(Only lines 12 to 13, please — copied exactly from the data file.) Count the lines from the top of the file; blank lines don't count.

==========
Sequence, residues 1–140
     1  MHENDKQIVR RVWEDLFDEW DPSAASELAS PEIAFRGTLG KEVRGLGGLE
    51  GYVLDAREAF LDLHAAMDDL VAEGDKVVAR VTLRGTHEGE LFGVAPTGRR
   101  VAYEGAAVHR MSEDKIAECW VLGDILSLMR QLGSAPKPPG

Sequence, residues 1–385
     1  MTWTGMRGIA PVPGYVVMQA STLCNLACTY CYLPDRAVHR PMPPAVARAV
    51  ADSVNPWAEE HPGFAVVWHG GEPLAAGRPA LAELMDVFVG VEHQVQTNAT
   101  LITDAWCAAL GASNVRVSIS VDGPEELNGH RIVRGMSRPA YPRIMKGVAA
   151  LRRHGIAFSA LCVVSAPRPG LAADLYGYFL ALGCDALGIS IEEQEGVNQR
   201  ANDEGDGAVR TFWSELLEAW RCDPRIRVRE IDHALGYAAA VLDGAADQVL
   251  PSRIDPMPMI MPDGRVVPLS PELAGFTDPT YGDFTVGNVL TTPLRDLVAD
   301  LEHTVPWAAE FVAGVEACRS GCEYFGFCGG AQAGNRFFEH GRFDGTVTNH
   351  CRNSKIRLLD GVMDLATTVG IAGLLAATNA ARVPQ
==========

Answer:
   301  LEHTVPWAAE FVAGVEACRS GCEYFGFCGG AQAGNRFFEH GRFDGTVTNH
   351  CRNSKIRLLD GVMDLATTVG IAGLLAATNA ARVPQ